•  FreeCodeCamp

    As the name suggests, freeCodeCamp is completely free. It has a lot of fans all over the world, but for me personally, it’s been a bit.. clunky and not as user-friendly as other sites, so I didn’t stay there for long. What I loved there though, is earning the certificates and badges! ( who doesn’t like them, right? They always give a nice motivational boost.)

  • Udemy


    Different type of learning, but totally worth mention- Platform full of tutorials on all sorts of topics, not only programming. For those of you, who learn better while listening rather than reading (not me, unfortunately πŸ™ ) They always have some sort of discounts going on so it’s easy to get a great quality course at a great price (free ones also available).

  • SoloLearn (APP)

    My second favorite learning source! The main plus- it’s an app! So you have it always with you on your phone. Whenever you have some time to spare, open the app and learn! I loved doing the quizzes about different languages to cement my knowledge. The app and its content are free and I highly recommend downloading it. Instead of mindless scrolling through Facebook or Instagram, SoloLearn!

  • Pluralsight

    Great source of courses, and for the whole of April, all the content is FREE for new accounts! U can choose a single course or follow a particular path to master your skills. With technologies from Web Development, DevOps, Data, Architecture&Construction, Manufacturing&Design, Cloud Computing, Machine Learning, Bussiness Professional, Cyber Security, and Creative Professional, I am sure everyone will find something interesting to follow.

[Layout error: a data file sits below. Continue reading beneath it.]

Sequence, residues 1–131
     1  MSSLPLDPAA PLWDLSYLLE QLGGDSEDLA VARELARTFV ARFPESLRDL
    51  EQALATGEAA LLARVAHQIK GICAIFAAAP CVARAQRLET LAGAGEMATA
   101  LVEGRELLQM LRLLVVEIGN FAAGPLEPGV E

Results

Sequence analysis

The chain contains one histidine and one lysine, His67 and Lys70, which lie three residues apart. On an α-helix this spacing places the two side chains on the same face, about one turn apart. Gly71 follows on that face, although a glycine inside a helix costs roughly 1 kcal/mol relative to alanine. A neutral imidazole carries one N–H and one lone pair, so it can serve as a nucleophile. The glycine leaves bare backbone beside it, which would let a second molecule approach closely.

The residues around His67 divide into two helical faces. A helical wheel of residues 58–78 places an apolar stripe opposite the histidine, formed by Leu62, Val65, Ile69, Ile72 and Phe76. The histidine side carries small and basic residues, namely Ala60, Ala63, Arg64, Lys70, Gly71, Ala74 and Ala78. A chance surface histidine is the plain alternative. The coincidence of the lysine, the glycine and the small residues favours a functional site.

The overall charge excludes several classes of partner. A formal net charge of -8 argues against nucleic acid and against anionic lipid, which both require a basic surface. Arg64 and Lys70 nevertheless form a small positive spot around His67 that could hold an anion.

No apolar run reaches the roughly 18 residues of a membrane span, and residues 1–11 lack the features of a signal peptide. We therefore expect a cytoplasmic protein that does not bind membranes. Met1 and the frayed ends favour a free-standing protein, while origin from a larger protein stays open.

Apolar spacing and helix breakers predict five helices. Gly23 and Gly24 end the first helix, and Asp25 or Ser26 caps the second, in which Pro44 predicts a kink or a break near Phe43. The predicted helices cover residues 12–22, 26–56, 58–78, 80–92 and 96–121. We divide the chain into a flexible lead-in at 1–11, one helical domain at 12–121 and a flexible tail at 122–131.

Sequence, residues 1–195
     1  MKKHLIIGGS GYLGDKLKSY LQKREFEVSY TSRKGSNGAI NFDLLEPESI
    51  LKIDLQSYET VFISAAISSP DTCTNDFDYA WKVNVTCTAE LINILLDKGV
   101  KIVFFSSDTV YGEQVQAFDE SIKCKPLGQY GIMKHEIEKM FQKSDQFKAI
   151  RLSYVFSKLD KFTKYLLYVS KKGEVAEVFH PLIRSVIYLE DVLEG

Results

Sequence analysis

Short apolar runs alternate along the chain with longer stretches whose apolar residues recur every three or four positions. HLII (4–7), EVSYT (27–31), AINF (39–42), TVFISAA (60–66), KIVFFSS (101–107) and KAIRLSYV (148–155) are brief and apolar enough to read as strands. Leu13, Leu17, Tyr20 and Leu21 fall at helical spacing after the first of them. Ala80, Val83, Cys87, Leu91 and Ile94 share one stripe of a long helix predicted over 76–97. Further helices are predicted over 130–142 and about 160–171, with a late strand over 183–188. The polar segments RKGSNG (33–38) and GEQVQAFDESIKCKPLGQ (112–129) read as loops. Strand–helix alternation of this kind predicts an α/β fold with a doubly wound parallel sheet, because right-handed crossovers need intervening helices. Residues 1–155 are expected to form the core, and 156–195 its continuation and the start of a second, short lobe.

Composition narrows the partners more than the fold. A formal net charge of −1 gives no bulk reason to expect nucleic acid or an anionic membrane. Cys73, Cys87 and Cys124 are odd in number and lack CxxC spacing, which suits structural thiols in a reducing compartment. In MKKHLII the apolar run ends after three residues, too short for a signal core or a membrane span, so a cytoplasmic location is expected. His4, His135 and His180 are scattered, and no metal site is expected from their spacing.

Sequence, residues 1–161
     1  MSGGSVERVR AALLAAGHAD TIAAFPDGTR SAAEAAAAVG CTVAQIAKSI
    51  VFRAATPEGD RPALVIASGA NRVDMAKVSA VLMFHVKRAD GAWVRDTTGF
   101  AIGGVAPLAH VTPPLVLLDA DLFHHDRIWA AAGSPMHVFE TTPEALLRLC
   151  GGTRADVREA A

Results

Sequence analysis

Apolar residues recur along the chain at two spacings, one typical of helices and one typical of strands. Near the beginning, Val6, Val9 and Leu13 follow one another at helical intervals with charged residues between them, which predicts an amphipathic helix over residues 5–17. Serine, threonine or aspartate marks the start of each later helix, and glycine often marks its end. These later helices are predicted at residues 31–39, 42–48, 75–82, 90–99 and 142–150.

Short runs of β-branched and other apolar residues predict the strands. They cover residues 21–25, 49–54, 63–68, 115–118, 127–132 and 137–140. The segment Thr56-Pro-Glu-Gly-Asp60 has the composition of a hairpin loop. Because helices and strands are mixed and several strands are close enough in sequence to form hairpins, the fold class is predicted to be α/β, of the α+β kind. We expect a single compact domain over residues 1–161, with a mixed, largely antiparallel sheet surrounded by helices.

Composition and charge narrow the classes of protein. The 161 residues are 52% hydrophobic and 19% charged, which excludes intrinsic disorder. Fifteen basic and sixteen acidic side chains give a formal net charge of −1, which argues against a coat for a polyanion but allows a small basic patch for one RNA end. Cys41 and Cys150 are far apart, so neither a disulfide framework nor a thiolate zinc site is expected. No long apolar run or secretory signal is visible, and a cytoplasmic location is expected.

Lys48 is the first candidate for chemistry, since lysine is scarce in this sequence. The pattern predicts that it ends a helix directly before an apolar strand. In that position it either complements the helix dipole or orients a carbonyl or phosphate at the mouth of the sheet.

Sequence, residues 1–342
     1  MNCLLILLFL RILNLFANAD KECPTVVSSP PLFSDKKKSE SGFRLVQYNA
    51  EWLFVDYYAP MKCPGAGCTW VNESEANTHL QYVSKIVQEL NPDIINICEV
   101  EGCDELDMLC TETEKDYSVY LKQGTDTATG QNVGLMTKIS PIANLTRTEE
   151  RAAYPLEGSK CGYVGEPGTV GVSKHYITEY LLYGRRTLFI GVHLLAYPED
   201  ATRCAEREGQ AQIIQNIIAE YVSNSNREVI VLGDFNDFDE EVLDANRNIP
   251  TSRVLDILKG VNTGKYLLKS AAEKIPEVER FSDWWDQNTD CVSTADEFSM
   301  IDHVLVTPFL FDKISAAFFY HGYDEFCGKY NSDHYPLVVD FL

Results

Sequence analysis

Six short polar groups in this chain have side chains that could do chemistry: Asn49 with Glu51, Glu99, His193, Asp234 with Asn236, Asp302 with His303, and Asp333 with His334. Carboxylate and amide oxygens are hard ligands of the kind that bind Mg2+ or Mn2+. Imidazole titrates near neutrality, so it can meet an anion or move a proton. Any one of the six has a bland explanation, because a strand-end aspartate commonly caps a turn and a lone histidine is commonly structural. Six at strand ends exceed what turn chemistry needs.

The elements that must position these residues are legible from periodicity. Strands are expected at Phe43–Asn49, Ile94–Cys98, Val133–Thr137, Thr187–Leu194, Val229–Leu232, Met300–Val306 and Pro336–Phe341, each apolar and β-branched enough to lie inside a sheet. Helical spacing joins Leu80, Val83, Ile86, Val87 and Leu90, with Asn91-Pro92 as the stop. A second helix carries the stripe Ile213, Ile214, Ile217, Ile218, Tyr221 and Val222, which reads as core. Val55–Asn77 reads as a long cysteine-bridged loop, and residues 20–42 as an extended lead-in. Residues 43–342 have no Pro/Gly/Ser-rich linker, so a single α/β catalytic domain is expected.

• w3schools


    Every developer’s good friend. No matter if your a junior or senior, w3schools is probably the first source to look at when you’re stuck. It’s not fancy but 100% free and nicely explained. Oh! And you can get certificates too!

A Few more cool websites that will help you learn for free!

30 JavaScript challenges in 30 days (of course there are no strict rules that you have to keep to the time frame :D) Video tutorials from Wes Bos are easy to understand and follow. I have done a few projects from JS30 challenge myself and really enjoyed them. I recommend this to anyone who would like to get better in JS.

The Odin Project is a really cool open-source platform, where you can take different paths to learn to code for free.
Currently, there are three routes to take: Full-stack Ruby on Rails, Full-stack JavaScript and Front End only. I will definitely start one of them soon, as it seems to provide good knowledge forwarded with loads of projects to do to add to your portfolio πŸ™‚ Instructions are easy to understand, boosted with images and snippets of code.

CodeWars is great to test your knowledge and problem-solving in action. With lots of languages and technologies to choose from, everyone will find something up their street.
I think this would also be good preparation before a job interview!


Ok, so not a typical learning platform, but my good friend and awesome developer Vlad, has created this amazing IG community, and he posts his valuable content daily.
You will learn how to create a live search, infinity scroll effect or how to animate an icon and many many more, and you will realise that stuff you thought is difficult to achieve, is actually pretty easy to do! (at least I have realised that multiple times :D)
All you need to do is follow @scalipsum on Instagram, and if you would like to be a part of this great, ever-growing community, you can add yourself to the Discord channel too. Scalipsum also has a GitHub repository for all posts:
I like the idea of learning something new while scrolling through your Insta feed, and that every post focuses on one particular feature at a time.

Or course there are a lot more websites providing good quality knowledge, but they come with a bigger price-tag. To name a few: